Side notes:

– The equipment system, as mentioned prior, is rather poorly implemented. To create armor and weaponry you must find raw materials to forge them. These materials, however, are very easy to find. You may wonder, as I did, why such requirements even exist instead of the standard and more efficient “buy and wear” in standard RPGs. It just reinforces the fact that this game tried to be different and edgy without any concern for common sense. It’s just plain befuddling.

– The story itself, or rather whatever bits and pieces you are given, didn’t seem too bad in the beginning. It appeared to be interesting enough but the actual story segments are far too apart from each other. The story drags it’s feet around. After you’ve finished your convoluted and confusing jumble of a journey the plot tries to resolve itself by large boxes of text at the very end of the game that tries to make sense of it. You just aren’t given any understanding at all on what the events mean, why they’re important, why you even need to be their, or what your actions have caused for 99% of the game. This completely ruins the tone, setting, and overall interest of the player. The worst factor of this is that because the game lacks any character depth in the villains, their motives and actions don’t make any sense either. So, you’re left with a confusing mess of a so-called story by the end of it. The entire experience is a trainwreck.

– Defenders of the game will tell you that it does make sense but you’ll find their just as horribly confused as you are. In the end, they’ll probably direct you to a website filled with fan theories of information that contradict the game. The problem with that is the game’s plot is self-contradictory. First issue is, the game’s plot contradicts Chrono Trigger since Lucca was clearly homeschooled by her genius father, the Time Guru was Gasper and not Balthasar (rather damning contradiction since Gasper was very significant in Chrono Trigger), and the Dreamstone was never part of Lavos. In fact, Chrono Trigger explicitly shows that the rocks existed as a natural resource before Lavos even crash landed into the world. More importantly, if the time pendant was lost in the “Darkness Beyond Time” with a certain character, then Marle could never have inherited the pendant from her family line and thus both games could never have happened.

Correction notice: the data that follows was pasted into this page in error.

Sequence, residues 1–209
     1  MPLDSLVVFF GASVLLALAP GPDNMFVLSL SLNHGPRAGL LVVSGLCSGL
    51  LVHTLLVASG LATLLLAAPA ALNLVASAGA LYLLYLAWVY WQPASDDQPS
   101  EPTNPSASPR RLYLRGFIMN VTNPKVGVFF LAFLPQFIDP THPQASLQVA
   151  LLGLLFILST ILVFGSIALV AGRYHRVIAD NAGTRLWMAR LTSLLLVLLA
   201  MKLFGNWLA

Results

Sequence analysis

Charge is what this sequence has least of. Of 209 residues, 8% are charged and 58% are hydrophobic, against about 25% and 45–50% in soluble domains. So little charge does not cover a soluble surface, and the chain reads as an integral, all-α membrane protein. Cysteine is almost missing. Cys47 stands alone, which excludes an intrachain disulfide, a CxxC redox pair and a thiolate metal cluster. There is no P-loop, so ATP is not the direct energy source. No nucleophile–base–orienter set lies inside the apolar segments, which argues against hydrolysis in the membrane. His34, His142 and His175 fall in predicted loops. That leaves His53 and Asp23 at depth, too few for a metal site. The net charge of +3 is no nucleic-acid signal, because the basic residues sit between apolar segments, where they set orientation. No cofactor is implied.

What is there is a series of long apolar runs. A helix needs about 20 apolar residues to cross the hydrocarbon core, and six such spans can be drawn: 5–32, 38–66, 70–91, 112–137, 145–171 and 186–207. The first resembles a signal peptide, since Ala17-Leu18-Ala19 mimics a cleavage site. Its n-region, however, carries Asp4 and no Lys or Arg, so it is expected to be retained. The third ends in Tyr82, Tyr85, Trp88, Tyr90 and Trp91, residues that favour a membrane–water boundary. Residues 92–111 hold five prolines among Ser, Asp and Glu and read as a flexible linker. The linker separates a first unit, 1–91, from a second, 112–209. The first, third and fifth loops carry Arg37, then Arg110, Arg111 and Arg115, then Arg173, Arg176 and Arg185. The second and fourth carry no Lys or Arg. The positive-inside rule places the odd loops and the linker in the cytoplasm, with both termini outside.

– Some of them you have to do extra sidequests to obtain extra story explanation. However, these in-depth events aren’t delved upon enough and don’t give much to go on either. Overall, a very pathetic way to rid itself of story gaps. The fact they had to rely on gigantic boxes of text at the end cements this issue. Chrono Cross forums may point you to fan theory websites that make-up their own stories based off poor analogies and not any honest attempt at thematic analysis. Most fans are left arguing over fanon, fan-made theories about the game, than any genuine criticism about the contents of the game itself . . . to the extent that they’ll contradict events in the game because they like their fanon theories.

– Important information: There are bad batches of this game that will crash on you during the first dungeon. I had the unfortunate experience of purchasing one of these unplayable batches. I was able to continue on by using my PS3 to play Chrono Cross instead of my PS1 but this created the unfortunate glitch that locked my spells so that I couldn’t use them during the entire first dungeon or boss battles. After the first dungeon, I went back to playing on my Playstation 1 and the problem appeared to stop. But, this is another nail in the proverbial coffin. This game is unplayable by normal standards. If I didn’t have a PS3, I wouldn’t have been able to resolve this issue at all and even then I encountered glitches because of it. So yes, this game does deserve this score because it is unplayable for some people who were unfortunate enough to get the bad batch like I was.

Final Score: 1 out of 10. 1/10.